Having been born with cerebral palsy and confined to a wheelchair, Clay Johnson, Jr. has become the first physically disabled person in the world to earn the rank of associate instructor in Thai boxing.
Recently, Johnson, who was born in Clifton Forge on Aug. 10, 1961, moved his dojo, American Freestyle Martial Arts Academy, from 202 Chapel Drive in Covington to 503 S. Highland Ave. in Covington.
Ernest “Ernie” Clay Johnson, Sr., Clay’s late father was from Clifton Forge, and his late mother, Mildred “Smittie” Smith, was from Rainelle, W.Va.
Clay attended Clifton Forge City Schools, and after graduating from Clifton Forge High School, he received a certificate in computer science from Dabney S. Lancaster Community College.
It took Clay 27 years of training to achieve the instructor rank in Filipino Martial Arts after beginning his pursuit of karate with Eddie Thomas, a black belt grandmaster who trained under world heavyweight karate champion Joe Lewis.
Thomas has owned and operated American Freestyle Karate in Salem for decades, and Clay began driving to Salem three days a week. Soon he became Thomas’ protégé.
By 1987, Clay had become a black belt instructor in American Freestyle Karate, and part of his legacy as the first physically disabled black belt in the U.S. is that he has now trained the following black belts: Joe Proctor, Jonathan Ayers, Jordan Gillette, Tyler Crance, Sharon Ayers, Aaron Seay, Stephen Taylor and Joey Schelch.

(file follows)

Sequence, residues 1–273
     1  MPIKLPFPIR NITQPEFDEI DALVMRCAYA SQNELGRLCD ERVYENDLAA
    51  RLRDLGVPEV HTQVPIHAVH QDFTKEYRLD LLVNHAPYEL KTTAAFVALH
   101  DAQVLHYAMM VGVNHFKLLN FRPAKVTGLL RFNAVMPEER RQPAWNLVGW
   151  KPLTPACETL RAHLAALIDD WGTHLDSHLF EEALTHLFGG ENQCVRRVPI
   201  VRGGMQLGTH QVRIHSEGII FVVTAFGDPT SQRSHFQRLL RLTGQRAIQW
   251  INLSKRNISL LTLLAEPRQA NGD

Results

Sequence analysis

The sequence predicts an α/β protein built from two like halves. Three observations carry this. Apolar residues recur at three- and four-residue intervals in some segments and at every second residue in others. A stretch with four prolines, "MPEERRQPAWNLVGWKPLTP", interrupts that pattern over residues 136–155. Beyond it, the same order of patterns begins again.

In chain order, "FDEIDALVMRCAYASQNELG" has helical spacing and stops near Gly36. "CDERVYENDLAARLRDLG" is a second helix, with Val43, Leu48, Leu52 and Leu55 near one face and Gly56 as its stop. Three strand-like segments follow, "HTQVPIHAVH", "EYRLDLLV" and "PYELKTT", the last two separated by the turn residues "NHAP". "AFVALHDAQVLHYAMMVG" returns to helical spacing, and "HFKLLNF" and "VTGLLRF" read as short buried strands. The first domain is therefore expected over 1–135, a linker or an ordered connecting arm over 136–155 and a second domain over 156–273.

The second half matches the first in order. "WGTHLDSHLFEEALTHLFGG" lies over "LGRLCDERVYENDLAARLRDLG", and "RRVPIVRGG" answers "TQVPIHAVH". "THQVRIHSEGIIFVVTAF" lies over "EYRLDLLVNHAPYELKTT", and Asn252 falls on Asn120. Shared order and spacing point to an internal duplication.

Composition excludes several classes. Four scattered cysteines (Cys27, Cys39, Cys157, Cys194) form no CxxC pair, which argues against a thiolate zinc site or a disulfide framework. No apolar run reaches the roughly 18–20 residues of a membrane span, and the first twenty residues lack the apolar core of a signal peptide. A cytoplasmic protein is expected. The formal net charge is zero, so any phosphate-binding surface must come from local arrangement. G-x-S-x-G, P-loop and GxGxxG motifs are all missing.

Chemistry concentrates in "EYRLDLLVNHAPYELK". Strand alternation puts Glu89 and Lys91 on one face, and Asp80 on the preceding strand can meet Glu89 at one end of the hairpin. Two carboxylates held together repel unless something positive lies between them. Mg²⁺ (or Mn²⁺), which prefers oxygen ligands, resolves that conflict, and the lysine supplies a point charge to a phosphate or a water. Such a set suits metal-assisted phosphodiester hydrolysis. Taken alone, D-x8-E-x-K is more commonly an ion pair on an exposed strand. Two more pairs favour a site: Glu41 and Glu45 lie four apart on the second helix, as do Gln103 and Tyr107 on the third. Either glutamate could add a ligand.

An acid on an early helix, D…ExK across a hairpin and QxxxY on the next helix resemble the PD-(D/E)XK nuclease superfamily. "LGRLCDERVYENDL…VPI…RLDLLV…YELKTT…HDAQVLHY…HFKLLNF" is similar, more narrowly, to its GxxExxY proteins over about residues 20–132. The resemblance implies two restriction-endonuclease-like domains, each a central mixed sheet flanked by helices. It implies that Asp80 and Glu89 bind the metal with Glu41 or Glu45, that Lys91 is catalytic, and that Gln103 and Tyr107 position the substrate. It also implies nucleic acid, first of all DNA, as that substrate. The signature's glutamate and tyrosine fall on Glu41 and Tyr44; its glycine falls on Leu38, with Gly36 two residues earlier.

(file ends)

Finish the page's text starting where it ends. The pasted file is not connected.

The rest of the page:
Clay remembered, “When my father died in 2005, I awarded him an honorary black belt.”
As for the way COVID-19 impacted his dojo, he remarked, “I was closed for three months, and Betty Swoope Angell who I was renting from did not charge me rent.”
At his new dojo location, he offers classes from white belt to black belt, and he provides instruction in a variety of styles: Arnis/Kali/Escrima/FMA, Brazilian Jiu-jitsu, Jeet Kunedo, karate and Muay Thai.
Currently, he is providing instruction to nearly two dozen students.
Clay explained, “Right now it is summer, and enrollment in our white belt class will increase (our numbers) after school begins.”
Four karate halls of fame have inducted Clay, and he continues to associate with Thomas who has attained the rank of 10th degree black belt as a grandmaster.
After Clay’s parents died, Chai Sirisute, the Thai martial arts instructor who is the founder and president of the Thai Boxing Association of the U.S., became Clay’s surrogate parent.
Clay recalled, “I went to Carson, California to study with Chai who became like a father to me.”
As for his greatest challenge to become a black belt while being confined to his wheelchair, Clay said, “Just doing the work, and Eddie will tell you that it was a challenge for him too.”
After becoming a black belt karate instructor operating a dojo, Clay gained fame across the nation for overcoming his physical disability, winning several competitions in kata.
He reminisced, “After I turned 50, HBO contacted me about competing in an undercard match against another black belt in a wheelchair before a W.C. boxing match, but when they learned my age, they said that I was too old to compete.”
Clay noted that there are no competitions in the martial arts held for those in wheelchairs and that should he be pitted against an opponent not in a wheelchair that he would roll his wheelchair against a wall in order to prevent his opponent from attacking him from behind.
Thomas, who has won more than 200 karate trophies in competitions over the years, has high praise for Clay, and he has cast one of Clay’s students to perform in “Talos: The Dark Lords of Xibalba,” the karate movie sequel to “Talos,” Thomas’ first karate film in which he stars.